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Journal Articles; Reports - Descriptive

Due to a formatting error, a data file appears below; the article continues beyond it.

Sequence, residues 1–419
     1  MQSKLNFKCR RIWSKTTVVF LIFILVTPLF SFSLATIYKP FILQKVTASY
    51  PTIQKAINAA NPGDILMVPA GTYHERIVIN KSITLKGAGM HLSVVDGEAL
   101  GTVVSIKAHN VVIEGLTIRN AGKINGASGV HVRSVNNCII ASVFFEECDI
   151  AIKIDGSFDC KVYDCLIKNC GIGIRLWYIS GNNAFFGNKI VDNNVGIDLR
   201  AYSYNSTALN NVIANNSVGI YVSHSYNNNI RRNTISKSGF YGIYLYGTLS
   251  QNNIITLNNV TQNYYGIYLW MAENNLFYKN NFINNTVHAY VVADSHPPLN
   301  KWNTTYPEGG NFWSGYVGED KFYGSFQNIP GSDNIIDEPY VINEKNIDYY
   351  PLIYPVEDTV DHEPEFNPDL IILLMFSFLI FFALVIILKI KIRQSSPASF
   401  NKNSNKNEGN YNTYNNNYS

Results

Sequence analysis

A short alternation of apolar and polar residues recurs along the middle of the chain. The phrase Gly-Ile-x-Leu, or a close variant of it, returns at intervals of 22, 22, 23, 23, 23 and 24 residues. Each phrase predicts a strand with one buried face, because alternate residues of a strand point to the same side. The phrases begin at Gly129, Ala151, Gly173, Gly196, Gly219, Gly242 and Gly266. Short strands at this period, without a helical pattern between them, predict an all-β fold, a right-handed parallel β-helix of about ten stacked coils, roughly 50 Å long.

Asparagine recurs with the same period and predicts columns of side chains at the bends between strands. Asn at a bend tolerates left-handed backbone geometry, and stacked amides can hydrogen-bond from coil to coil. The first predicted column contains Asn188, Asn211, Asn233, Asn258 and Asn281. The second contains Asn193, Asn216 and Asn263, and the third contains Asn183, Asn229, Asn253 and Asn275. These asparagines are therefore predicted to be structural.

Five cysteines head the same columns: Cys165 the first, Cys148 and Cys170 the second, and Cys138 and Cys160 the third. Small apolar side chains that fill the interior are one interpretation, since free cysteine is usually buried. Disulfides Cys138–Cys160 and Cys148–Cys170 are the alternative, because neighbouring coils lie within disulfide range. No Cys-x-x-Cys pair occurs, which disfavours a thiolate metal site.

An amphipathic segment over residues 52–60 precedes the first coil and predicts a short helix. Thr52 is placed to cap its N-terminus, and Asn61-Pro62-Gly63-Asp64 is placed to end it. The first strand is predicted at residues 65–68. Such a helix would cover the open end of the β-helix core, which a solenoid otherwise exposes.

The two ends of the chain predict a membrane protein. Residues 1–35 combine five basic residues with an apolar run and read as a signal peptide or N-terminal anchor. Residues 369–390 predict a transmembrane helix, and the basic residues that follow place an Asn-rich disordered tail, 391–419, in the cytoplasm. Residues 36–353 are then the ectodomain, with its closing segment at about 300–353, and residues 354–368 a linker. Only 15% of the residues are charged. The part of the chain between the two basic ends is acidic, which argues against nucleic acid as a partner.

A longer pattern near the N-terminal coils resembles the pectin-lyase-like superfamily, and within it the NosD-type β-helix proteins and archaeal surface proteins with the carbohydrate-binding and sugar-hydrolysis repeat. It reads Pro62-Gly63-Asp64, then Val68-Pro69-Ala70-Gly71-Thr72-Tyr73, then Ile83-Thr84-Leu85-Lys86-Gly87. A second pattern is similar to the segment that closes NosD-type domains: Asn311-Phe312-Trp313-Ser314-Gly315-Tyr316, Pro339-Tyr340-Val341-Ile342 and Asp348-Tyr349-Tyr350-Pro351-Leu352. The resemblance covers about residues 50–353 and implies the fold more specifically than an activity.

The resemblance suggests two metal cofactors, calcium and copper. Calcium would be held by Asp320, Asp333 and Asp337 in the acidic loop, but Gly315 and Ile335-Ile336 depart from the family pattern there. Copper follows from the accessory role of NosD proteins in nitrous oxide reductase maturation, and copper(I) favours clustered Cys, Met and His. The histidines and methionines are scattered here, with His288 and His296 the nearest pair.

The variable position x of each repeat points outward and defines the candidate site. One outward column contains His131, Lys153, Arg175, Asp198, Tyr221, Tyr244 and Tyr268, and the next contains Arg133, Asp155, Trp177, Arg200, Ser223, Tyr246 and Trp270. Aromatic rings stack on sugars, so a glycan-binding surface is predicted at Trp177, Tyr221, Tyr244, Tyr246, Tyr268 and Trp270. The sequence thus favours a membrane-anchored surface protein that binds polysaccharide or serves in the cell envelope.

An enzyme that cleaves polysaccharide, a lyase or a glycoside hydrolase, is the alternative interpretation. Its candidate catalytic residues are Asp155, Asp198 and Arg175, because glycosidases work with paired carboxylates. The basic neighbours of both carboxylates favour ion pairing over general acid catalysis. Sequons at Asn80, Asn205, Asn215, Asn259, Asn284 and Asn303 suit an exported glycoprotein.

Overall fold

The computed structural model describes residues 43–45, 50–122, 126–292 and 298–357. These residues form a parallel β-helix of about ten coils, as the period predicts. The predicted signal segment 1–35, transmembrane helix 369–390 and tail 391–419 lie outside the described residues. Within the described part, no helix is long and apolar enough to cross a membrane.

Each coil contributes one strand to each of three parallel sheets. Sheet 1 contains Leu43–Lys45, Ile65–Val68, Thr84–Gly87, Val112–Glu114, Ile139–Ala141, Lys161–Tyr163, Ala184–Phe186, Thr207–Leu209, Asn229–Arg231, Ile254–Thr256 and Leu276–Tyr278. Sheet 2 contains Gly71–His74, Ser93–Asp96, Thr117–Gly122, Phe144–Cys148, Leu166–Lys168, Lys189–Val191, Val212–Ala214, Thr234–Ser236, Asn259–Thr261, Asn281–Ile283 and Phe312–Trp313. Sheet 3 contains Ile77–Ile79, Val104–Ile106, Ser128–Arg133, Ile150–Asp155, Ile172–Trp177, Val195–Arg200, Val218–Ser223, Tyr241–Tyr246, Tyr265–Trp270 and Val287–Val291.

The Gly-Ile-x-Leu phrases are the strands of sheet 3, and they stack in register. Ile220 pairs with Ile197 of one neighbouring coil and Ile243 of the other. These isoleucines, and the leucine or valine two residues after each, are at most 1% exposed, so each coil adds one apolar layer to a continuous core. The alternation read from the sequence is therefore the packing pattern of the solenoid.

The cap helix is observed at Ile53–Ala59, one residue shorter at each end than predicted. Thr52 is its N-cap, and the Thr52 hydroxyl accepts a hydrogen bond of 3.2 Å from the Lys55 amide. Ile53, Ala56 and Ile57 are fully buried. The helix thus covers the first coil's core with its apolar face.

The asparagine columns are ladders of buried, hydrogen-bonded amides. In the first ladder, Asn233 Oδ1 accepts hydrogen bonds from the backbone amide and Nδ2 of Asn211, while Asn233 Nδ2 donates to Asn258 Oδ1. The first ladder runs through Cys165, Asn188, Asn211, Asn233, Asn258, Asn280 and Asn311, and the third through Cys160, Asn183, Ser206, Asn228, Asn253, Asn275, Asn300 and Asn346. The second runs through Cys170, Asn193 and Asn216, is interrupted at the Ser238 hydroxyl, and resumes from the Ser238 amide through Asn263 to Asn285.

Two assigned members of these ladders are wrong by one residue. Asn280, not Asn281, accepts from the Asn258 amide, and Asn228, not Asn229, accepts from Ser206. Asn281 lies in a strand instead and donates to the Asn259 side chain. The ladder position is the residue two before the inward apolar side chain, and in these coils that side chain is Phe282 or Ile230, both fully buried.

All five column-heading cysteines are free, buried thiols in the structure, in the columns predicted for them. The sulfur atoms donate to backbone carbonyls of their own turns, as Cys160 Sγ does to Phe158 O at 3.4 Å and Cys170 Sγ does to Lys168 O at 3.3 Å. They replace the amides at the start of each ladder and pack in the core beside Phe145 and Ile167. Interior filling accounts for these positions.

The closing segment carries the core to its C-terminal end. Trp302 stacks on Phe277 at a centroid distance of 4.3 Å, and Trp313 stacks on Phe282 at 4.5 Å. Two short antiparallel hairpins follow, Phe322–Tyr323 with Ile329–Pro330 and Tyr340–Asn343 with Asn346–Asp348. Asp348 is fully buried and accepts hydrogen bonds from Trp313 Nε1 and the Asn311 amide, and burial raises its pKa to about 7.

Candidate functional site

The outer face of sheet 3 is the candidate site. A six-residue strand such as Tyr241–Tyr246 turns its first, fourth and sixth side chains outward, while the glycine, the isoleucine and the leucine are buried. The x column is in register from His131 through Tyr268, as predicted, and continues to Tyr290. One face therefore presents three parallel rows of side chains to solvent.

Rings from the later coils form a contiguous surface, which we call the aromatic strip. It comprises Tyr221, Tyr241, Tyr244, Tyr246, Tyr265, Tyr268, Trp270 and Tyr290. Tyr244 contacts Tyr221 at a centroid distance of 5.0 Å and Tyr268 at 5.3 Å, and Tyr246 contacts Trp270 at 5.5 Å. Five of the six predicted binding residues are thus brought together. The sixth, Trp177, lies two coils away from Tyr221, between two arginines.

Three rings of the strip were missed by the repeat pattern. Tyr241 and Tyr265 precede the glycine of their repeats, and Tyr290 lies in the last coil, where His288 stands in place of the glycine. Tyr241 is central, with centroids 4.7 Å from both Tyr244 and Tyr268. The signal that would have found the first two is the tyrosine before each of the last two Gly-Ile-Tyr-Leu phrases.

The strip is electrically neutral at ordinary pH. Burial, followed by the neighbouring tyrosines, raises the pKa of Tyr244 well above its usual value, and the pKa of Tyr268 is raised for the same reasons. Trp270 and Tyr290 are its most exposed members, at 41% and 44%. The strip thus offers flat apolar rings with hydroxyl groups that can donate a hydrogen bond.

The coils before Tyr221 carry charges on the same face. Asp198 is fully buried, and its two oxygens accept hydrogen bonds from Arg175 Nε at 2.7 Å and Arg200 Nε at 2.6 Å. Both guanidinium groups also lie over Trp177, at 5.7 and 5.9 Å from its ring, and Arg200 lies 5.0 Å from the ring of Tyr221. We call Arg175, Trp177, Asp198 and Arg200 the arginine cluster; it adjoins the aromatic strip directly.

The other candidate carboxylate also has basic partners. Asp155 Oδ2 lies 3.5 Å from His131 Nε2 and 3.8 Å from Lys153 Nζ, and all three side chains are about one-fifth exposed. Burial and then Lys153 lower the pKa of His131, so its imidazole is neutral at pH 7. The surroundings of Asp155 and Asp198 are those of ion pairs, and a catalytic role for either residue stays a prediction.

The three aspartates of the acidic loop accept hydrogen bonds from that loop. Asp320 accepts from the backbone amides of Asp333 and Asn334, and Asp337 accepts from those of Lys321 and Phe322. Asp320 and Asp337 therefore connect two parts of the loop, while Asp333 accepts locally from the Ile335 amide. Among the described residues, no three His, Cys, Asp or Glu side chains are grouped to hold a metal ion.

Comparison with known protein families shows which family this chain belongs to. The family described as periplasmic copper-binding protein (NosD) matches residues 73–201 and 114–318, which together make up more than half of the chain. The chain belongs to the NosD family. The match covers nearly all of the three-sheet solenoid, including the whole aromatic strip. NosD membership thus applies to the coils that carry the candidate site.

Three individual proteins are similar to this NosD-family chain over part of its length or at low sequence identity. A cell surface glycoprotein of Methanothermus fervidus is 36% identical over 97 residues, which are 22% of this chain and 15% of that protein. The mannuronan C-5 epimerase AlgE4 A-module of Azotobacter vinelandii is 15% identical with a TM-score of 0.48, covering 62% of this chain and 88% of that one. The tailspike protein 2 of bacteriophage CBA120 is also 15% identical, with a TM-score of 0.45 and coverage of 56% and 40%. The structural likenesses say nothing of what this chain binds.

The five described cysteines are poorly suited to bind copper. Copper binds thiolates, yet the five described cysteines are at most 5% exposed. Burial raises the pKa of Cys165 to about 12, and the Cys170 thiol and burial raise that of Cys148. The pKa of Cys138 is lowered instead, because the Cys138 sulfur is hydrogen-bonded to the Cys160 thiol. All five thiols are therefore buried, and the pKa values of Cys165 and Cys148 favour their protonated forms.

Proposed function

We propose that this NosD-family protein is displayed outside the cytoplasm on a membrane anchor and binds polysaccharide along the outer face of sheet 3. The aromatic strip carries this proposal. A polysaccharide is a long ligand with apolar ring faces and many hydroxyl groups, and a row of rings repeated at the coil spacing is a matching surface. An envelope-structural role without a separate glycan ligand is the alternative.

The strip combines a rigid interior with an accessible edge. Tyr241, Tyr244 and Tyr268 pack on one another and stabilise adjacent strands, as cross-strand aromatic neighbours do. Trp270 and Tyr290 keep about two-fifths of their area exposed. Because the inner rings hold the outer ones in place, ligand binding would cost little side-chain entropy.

Proposals for school reform often focus on large and sometimes controversial systemic changes, such as charter schools, accountability standards, and changes to the way teachers are hired, fired, and compensated. Although these reforms may offer great opportunity to improve student outcomes, they may also be costly, face substantial implementation challenges, or lack definitive supporting evidence. At the same time, school boards may overlook relatively simple changes in the way schools are organized and managed that could impact student achievement in positive ways. In a new paper for The Hamilton Project, the authors present evidence on several organizational changes that could provide significant "bang for the buck" in student achievement. While simple, these changes have the potential to improve K-12 student performance substantially. To illustrate the value of making decisions about school organization based on evidence on student achievement, the authors explore three organizational changes: (1) starting schools later for middle school and high school students; (2) using K-8 schools rather than junior high or middle schools or taking other steps to minimize the disruptive transitions; and (3) assigning teachers to the same grades and subjects from year to year. The authors' proposals are not meant to transform public education radically. It may be surprising, however, that the magnitudes of the benefits of these organizational achievements relative to their costs rival the cost effectiveness of other far more sweeping reforms. The purpose of the proposal is to point out that all these small decisions about the organization of schools and school days impact student achievement, and that these types of choices need to be carefully scrutinized by school districts.